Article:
In addition to all of the standard security and package updates that come to us via Debian Testing, we have also added more than a dozen new tools to the repositories, a few of which are listed below. There are some really nice additions so we encourage you to ‘apt install’ the ones that pique your interest and check them out.
- hurl – a useful little hexadecimal and URL encoder/decoder
- phishery – phishery lets you inject SSL-enabled basic auth phishing URLs into a .docx Word document
- ssh-audit – an SSH server auditor that checks for encryption types, banners, compression, and more
- apt2 – an Automated Penetration Testing Toolkit that runs its own scans or imports results from various scanners, and takes action on them
- bloodhound – uses graph theory to reveal the hidden or unintended relationships within Active Directory
- crackmapexec – a post-exploitation tool to help automate the assessment of large Active Directory networks
- dbeaver – powerful GUI database manager that supports the most popular databases, including MySQL, PostgreSQL, Oracle, SQLite, and many more
- brutespray – automatically attempts default credentials on discovered services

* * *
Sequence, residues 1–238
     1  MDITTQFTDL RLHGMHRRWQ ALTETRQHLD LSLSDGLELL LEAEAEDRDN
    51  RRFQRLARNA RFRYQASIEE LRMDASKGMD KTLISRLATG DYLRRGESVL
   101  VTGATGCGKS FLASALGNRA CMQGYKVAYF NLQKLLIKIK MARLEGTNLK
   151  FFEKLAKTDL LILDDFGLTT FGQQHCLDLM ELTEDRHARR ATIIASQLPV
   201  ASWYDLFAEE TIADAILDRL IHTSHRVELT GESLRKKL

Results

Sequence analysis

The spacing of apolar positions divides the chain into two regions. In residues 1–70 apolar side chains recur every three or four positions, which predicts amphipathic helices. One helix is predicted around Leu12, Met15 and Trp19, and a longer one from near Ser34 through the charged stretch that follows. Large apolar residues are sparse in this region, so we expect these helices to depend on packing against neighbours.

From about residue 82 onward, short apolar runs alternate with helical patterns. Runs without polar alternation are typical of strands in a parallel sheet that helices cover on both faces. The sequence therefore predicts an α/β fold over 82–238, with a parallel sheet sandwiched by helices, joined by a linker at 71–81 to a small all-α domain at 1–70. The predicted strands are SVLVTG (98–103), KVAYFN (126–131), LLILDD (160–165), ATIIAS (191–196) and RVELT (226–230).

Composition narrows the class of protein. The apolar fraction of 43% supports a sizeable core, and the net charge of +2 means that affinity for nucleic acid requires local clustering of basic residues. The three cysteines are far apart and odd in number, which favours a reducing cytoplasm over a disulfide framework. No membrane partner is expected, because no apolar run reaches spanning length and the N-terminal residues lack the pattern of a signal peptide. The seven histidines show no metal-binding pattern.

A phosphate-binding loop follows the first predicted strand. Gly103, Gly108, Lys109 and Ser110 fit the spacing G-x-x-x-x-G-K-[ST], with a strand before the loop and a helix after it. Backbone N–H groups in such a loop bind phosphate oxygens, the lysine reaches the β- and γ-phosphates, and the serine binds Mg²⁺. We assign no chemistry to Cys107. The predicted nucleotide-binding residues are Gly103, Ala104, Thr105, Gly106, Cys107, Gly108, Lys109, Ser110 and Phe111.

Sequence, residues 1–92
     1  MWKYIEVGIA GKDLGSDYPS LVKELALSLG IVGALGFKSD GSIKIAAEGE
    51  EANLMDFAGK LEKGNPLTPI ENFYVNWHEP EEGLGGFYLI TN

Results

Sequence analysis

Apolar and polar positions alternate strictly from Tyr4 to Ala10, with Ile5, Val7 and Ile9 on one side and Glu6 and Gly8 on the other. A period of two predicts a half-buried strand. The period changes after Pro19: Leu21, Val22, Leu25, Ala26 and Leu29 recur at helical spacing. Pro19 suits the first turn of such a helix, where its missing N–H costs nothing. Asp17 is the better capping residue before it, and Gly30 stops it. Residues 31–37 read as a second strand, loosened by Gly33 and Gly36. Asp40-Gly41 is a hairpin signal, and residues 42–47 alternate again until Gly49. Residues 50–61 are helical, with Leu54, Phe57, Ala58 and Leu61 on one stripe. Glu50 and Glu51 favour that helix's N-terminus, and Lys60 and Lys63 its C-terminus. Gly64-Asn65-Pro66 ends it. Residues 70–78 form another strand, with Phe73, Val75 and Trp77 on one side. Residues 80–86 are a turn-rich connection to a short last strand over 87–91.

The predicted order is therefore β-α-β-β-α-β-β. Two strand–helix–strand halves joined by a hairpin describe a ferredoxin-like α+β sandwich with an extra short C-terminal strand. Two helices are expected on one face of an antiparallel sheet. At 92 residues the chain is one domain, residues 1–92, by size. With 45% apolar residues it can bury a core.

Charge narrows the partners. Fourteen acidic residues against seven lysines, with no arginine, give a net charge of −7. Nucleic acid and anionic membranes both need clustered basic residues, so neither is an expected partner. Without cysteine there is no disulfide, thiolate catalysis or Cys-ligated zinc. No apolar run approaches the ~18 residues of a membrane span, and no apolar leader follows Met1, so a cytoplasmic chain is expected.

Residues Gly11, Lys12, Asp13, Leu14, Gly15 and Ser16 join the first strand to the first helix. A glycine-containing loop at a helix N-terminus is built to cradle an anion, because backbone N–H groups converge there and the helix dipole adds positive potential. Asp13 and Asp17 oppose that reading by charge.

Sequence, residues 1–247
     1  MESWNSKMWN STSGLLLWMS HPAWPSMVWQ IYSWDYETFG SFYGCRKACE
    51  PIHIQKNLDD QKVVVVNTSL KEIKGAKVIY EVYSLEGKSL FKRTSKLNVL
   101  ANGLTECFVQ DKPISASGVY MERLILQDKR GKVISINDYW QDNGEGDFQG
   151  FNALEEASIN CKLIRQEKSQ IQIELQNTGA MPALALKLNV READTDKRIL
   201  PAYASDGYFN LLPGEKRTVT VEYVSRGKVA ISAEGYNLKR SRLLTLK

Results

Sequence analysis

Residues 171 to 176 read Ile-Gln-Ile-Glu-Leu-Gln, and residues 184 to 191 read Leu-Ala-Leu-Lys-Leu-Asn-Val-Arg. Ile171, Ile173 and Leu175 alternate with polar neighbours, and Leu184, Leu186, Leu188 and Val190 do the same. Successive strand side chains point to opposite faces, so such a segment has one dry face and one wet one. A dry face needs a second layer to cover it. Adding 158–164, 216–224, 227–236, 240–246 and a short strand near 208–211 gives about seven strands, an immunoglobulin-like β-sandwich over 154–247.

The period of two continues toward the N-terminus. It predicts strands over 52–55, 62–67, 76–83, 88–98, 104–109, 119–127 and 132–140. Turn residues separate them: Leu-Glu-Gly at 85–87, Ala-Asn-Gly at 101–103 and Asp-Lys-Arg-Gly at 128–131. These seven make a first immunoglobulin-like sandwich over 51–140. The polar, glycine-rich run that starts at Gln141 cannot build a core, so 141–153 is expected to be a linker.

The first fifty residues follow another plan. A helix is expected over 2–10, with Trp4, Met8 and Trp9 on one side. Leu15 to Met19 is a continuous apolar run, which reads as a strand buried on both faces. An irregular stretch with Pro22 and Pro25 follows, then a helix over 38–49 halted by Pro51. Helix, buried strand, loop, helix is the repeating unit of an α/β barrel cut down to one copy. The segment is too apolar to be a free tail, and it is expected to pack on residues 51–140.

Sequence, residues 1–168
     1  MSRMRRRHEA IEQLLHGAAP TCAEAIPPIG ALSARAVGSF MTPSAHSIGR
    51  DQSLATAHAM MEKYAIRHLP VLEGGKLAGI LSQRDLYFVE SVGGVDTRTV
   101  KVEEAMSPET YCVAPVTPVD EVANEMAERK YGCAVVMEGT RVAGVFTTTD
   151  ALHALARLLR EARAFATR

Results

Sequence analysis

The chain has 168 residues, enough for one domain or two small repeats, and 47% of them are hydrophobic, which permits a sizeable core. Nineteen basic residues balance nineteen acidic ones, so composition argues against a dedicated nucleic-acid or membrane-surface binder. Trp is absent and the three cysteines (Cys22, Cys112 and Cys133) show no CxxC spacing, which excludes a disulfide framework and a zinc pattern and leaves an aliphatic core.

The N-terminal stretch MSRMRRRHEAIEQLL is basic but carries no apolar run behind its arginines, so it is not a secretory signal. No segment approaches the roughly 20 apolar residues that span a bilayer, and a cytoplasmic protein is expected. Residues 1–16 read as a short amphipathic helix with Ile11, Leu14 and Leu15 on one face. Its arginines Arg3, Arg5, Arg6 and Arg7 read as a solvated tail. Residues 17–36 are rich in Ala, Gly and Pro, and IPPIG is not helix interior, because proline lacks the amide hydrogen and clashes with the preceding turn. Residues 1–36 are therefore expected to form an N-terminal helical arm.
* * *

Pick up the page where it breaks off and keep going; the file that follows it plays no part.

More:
On top of all the new packages, this release also includes numerous package updates, including jd-gui, dnsenum, edb-debugger, wpscan, watobo, burpsuite, and many others. To check out the full list of updates and additions, refer to the Kali changelog on bug tracker.
Ongoing Integration Improvements
Beyond the new and updated packages in this release, we have also been working towards improving the overall integration of packages in Kali Linux. One area in particular is in program usage examples. Many program authors assume that their application will only be run in a certain manner or from a certain location. For example, the SMBmap application has a binary name of ‘smbmap’ but if you were to look at the usage example, you would see this:
$ python smbmap.py -u jsmith -p password1 -d workgroup -H 192.168.0.1
$ python smbmap.py -u jsmith -p ‘aad3b435b51404eeaad3b435b51404ee:da76f2c4c96028b7a6111aef4a50a94d’ -H 172.16.0.20
$ python smbmap.py -u ‘apadmin’ -p ‘asdf1234!’ -d ACME -h 10.1.3.30 -x ‘net group “Domain Admins” /domain’
If you were a novice user, you might see these examples, try to run them verbatim, find that they don’t work, assume the tool doesn’t work, and move on. That would be a shame because smbmap is an excellent program so we have been working on fixing these usage discrepancies to help improve the overall fit and finish of the distribution. If you run ‘smbmap’ in Kali 2017.2, you will now see this output instead:
$ smbmap -u jsmith -p password1 -d workgroup -H 192.168.0.1
$ smbmap -u jsmith -p ‘aad3b435b51404eeaad3b435b51404ee:da76f2c4c96028b7a6111aef4a50a94d’ -H 172.16.0.20
$ smbmap -u ‘apadmin’ -p ‘asdf1234!’ -d ACME -h 10.1.3.30 -x ‘net group “Domain Admins” /domain’
We hope that small tweaks like these will help reduce confusion to both veterans and newcomers and it’s something we will continue working towards as time goes on.
If you already have Kali installed and running to your liking, all you need to do in order to get up-to-date is run the following: